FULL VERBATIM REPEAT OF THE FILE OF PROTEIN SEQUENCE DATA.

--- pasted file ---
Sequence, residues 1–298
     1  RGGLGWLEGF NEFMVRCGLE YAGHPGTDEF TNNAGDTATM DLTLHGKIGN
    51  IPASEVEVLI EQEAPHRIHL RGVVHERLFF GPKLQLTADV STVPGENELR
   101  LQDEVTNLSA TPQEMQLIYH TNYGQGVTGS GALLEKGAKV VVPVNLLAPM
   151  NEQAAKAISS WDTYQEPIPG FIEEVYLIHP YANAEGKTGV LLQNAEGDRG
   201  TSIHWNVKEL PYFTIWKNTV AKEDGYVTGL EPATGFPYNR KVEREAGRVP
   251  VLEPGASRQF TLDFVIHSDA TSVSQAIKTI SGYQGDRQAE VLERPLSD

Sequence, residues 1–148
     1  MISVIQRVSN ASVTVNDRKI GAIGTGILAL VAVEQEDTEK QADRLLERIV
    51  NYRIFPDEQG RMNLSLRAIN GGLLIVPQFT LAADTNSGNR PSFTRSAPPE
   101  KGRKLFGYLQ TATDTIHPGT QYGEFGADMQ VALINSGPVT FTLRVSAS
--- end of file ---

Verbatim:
Sequence, residues 1–298
     1  RGGLGWLEGF NEFMVRCGLE YAGHPGTDEF TNNAGDTATM DLTLHGKIGN
    51  IPASEVEVLI EQEAPHRIHL RGVVHERLFF GPKLQLTADV STVPGENELR
   101  LQDEVTNLSA TPQEMQLIYH TNYGQGVTGS GALLEKGAKV VVPVNLLAPM
   151  NEQAAKAISS WDTYQEPIPG FIEEVYLIHP YANAEGKTGV LLQNAEGDRG
   201  TSIHWNVKEL PYFTIWKNTV AKEDGYVTGL EPATGFPYNR KVEREAGRVP
   251  VLEPGASRQF TLDFVIHSDA TSVSQAIKTI SGYQGDRQAE VLERPLSD

Sequence, residues 1–148
     1  MISVIQRVSN ASVTVNDRKI GAIGTGILAL VAVEQEDTEK QADRLLERIV
    51  NYRIFPDEQG RMNLSLRAIN GGLLIVPQFT LAADTNSGNR PSFTRSAPPE
   101  KGRKLFGYLQ TATDTIHPGT QYGEFGADMQ VALINSGPVT FTLRVSAS